aerique wrote:I am a couple of weeks away from releasing the first versions of three Common Lisp packages which all three provide an interface to a foreign library (a 3D engine, a physics engine and an input library).
Since I do not really know much about licenses my initial thought was to release them under the same license as the libraries they're interfacing to which are the: GNU Lesser General Public License, Zlib license and the zlib/libpng license respectively.
However I'm not really sure whether that is actually the smartest thing to do. I basically want people to be free to use my code how they like as long as credit is given where credit is due and as long as they don't misrepresent their changes to my code as being the original thing. By the looks of I'm totally free to slap on the license I want on my code, but perhaps someone can elaborate or suggest otherwise.
Jasper wrote:Affero GPL everything the GPL does but also if the users use it via a network. (Not saying it is better then GPL, just that it exists.)
Why wouldn't you want to release code into the wild? In many cases, i don't see it being negative any time soon. Sure, you don't want to represent little-tested code as being easy to use and good libraries, but why not let other people look at it if they want. (Although they probably won't look at it.) By having a project website code, you can allow people to work collaboratively with you.findinglisp wrote:So, before you start talking licenses, it's important for you to identify your philosophy and your reasons for wanting to release the code into the wild at all.
gugamilare wrote:MIT / BSD-style: this is the "do whatever you like, but don't remove the credit". This means that someone can modify your library, close the source code and put your copyright notice somewhere in the documentation of his program, saying that one piece of the code was made by you, but your code would not be there, neither modified nor unmodified.
findinglisp wrote:So, before you start talking licenses, it's important for you to identify your philosophy and your reasons for wanting to release the code into the wild at all. Once you have done that, the correct license is usually obvious.
findinglisp wrote:That said, "giving credit where credit is due" depends highly on what you mean by "credit." If you want your source code comments to be preserved, you're good to go in almost all cases. If you're looking for 36-point font attribution on the application splash screen, almost none will give you that much credit.
Jasper wrote:Why wouldn't you want to release code into the wild? In many cases, i don't see it being negative any time soon. Sure, you don't want to represent little-tested code as being easy to use and good libraries, but why not let other people look at it if they want. (Although they probably won't look at it.) By having a project website code, you can allow people to work collaboratively with you.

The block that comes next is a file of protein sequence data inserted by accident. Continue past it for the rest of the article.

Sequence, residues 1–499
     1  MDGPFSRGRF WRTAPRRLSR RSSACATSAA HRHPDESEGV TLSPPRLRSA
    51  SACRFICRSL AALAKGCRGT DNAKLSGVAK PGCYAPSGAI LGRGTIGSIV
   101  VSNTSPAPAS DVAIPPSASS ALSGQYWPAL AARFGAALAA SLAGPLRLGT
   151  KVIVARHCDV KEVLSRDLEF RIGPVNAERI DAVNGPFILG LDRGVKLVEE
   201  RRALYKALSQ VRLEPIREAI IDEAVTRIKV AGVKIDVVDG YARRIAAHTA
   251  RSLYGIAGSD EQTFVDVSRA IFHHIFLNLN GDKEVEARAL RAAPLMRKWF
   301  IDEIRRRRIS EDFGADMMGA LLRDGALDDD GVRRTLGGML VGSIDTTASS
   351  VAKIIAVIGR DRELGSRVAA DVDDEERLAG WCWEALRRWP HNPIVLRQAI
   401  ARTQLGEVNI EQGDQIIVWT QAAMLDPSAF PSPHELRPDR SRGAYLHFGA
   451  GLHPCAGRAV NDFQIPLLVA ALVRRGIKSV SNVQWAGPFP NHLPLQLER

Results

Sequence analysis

For libraries the GPL can indeed be too restrictive. On the other hand, that can be exactly the purpose. It has made a few projects GPL (clisp being one i know of, via readline) Same for the Affero GPL.
There is also a licensing model where you give it with GPL to everyone that wants it, and a different license to people that pay for it. Thought qt did this.(dual licensing) In that way, (Affero) GPL for libraries can make sense. Of course it can be a little harsh against small(honest) companies that want to use it. Also if you use it all contributors to the code in question including those in the past must agree. (Since they presumably licensed it to you under the GPL, since they modified your GPL code.)
aerique wrote:I basically want people to use the above-mentioned libraries from Common Lisp however they want, even closed-source commercial projects, as long as it is within the parameters set out by the original libraries without being bitten in the ass by any licensing restrictions that I might unknowingly introduce.
Good point about what is meant with "credit". The source code comments mainly, I don't need the splash screen A little copyright notice in a long list of credits as well perhaps, but if they don't need to mention Ogre they definitely don't need to mention my little effort.
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